Interesting to hear Philippa Lawrence speaking at the Waddesdon ‘The art of lace’ symposium last weekend and then to visit her installation in the grounds with her. ‘Sewn’ was inspired by darned textiles in the Waddesdon Manor collection and represents a line of sewing in the landscape playing on the double meaning of sewing with thread and sewing seeds. The flowers are a selection of wild flowers put together for the Olympic celebrations and the ‘stitching’ reveals different colours and flowers as the seasons progress. Lying on a slope the ‘sewing’ provides an attractive visual installation for visitors to the Manor and an interactive meander through the grounds for those who follow its path.

Monday, 15 September 2014

The art of lace symposium

I spent a very enjoyable day at Waddesdon Manor on Saturday taking part in ‘The art of lace symposium’ organised to coincide with the ‘Imagine’ lace exhibition that is taking place there until 26 October. There were five speakers in the symposium and plenty of catching up with new friends and old. Rachel Boak, the curator of the Waddesdon exhibition began the day by speaking about historical lace and its display in a museum and stately home setting. She was followed by the landscape artist Philippa Lawrence who has an installation based on lace in the Manor grounds (more of that in another blog). She spoke about considering lace as a border and described how she developed the idea for her installation of lace as planting in the grounds. Lauran Sundin, who makes precious jewellery using bobbin lace techniques considered handmade lace as an art form. The contemporary lacemaker Gail Baxter then discussed definitions of lace and what constitutes lace, challenging traditional concepts of what lace can be. I then spoke about conceptual lace and how lace is used by contemporary artists to convey a message or tell a story. It was an interesting day and the themes and artists we all used to illustrate our talks overlapped, and complemented each other, linking the themes of the symposium together.

Tuesday, 9 September 2014

The eye of the needle

This exhibition of 17th century English embroideries (and some lace) at the Ashmolean Museum in Oxford celebrates the skill of the needlewomen who made them. The exhibition focuses on the social context in which they were stitched explaining technique and construction as well as the themes and motifs that were popular with 17th century women. The exhibition includes band samplers, pictorial scenes, bags, coifs, caps, book covers and embroidery tools from the Museum and the Feller collection. Three of the band samplers incorporated exquisite pulled work and needlelace and I was impressed with the tiny eyelets making up the alphabet on the 1671 sampler by Mary Lane.  Biblical and allegorical themes were popular for the panels and many were copied from Gerard de Jode’s 1579 collection of biblical illustrations. ‘The judgement of Solomon’ was a popular theme and my favourite panel was a three dimensional needlelace rendering of that scene. It seemed full of life with applied leaves, curtains, pearls and even a lifelike baby, all beautifully depicted in tiny stitches. The exhibition runs until 12 October.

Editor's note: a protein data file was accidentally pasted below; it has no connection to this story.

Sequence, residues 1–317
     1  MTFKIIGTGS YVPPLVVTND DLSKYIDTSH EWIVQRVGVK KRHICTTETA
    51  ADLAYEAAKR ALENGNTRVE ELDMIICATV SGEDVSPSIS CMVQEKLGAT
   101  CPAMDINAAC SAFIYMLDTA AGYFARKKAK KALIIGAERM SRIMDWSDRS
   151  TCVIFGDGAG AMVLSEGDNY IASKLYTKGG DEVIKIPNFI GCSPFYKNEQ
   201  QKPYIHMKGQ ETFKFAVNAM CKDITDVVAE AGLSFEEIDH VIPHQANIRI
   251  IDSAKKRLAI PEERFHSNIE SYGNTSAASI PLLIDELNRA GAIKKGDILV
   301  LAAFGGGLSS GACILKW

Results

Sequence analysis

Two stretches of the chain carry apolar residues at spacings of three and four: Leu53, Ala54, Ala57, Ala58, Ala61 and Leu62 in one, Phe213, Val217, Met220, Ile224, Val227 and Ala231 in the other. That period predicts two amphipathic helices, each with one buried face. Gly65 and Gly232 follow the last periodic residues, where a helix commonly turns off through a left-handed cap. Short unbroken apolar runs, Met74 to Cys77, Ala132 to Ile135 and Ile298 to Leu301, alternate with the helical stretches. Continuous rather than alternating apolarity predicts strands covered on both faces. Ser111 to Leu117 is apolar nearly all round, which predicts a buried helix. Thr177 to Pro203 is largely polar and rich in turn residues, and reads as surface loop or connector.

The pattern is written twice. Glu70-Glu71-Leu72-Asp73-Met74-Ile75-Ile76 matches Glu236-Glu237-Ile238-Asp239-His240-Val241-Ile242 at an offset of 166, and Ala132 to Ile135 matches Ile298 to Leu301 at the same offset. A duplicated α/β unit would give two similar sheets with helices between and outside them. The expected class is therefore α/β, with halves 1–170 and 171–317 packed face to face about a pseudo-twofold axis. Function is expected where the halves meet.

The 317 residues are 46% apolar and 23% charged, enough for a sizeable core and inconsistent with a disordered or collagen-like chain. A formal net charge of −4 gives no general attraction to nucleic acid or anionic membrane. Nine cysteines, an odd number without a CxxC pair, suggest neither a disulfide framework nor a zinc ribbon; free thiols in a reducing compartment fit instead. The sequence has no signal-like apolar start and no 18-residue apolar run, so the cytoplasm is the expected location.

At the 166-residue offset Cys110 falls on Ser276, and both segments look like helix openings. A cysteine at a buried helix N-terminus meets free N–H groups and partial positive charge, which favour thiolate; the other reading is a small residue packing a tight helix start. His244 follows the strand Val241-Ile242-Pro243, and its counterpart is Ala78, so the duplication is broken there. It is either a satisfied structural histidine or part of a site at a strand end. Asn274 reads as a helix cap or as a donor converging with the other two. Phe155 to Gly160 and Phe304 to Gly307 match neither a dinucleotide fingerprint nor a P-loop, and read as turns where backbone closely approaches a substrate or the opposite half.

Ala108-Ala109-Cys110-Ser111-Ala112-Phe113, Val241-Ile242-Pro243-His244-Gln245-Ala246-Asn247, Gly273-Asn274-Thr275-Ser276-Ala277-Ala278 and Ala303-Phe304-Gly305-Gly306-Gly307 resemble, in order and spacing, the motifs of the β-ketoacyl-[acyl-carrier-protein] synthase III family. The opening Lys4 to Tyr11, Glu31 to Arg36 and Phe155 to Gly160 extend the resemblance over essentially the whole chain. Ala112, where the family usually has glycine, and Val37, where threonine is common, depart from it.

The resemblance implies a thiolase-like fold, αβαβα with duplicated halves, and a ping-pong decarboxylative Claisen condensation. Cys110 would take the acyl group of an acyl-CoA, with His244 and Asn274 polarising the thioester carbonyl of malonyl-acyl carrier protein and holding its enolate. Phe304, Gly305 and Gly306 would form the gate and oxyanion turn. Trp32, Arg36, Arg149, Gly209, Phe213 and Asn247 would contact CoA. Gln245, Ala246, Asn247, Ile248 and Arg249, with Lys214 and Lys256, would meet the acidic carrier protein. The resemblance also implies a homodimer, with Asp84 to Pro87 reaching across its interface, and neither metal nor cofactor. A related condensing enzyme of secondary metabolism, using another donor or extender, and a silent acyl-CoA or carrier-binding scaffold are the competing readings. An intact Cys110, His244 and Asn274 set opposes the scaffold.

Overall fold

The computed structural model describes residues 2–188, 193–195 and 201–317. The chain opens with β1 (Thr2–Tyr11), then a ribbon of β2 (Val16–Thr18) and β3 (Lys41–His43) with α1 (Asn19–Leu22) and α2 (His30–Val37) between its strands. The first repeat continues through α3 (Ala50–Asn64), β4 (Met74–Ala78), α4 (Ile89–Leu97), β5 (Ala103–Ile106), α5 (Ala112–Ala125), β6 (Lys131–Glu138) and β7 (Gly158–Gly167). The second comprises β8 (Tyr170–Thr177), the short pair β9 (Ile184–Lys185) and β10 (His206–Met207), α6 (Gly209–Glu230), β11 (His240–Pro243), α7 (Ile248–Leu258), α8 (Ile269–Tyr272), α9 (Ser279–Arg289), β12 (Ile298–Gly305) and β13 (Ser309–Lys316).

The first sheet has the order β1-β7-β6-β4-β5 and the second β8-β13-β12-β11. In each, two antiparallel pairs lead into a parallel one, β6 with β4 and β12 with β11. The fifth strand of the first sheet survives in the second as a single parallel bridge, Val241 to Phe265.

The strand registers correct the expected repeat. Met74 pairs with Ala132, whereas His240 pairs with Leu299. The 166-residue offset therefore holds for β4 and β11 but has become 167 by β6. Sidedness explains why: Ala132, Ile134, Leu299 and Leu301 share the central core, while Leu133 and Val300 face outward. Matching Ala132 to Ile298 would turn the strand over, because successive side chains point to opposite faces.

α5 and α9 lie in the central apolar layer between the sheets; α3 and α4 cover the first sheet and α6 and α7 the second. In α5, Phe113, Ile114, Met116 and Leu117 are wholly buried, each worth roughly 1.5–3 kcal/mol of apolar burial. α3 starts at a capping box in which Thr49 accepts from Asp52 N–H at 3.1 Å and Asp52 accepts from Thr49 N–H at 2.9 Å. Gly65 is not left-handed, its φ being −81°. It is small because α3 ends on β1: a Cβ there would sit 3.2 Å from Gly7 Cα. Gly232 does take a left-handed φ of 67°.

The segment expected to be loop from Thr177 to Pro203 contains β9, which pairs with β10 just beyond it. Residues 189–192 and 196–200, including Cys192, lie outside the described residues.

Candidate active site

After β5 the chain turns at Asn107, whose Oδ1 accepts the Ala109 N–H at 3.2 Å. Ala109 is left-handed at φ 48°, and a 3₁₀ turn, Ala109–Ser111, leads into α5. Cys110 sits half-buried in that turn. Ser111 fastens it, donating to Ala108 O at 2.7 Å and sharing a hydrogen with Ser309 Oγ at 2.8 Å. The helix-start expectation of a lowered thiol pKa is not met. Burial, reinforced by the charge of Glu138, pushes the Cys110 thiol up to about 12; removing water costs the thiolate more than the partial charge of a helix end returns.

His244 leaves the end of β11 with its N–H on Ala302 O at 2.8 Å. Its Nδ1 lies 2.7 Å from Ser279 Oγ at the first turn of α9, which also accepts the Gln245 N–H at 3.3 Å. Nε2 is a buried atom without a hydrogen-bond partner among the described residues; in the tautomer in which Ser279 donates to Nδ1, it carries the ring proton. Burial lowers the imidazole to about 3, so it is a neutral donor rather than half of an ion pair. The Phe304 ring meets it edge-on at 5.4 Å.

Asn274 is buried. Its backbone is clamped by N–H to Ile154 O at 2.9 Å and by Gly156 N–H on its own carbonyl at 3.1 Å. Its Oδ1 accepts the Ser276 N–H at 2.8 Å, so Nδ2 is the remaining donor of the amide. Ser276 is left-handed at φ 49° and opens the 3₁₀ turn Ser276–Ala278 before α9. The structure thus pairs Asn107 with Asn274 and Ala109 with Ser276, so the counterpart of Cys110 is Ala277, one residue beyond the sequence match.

Wednesday, 3 September 2014

Painted lace

I saw this self portrait of Rolinda Sharples with her mother at the Bristol Museum and Art Gallery. I like the way she has painted the lace to emphasise its delicate ethereal frothy quality, but it’s a shame we can’t see it in more detail. The painting is dated 1818 and both women are wearing a good amount of lace. Rolinda was an oil painter and also produced pastel portraits. Also on show was a painting of ‘The cloakroom at the Clifton Assembly Rooms’ showing the well-to-do about to leave at the end of their evening’s entertainment. Each face can be clearly distinguished and the characters seem to come straight out of a Jane Austen novel – there are soldiers, well dressed young men, flirtatious young women and elderly chaperones. All are beautifully dressed in their evening clothes, which seem suitable for the occasion, but I’m puzzled by Rolinda’s choice of clothes for her self portrait which shows her painting at her easel in what appears to be a fine lace-trimmed gown.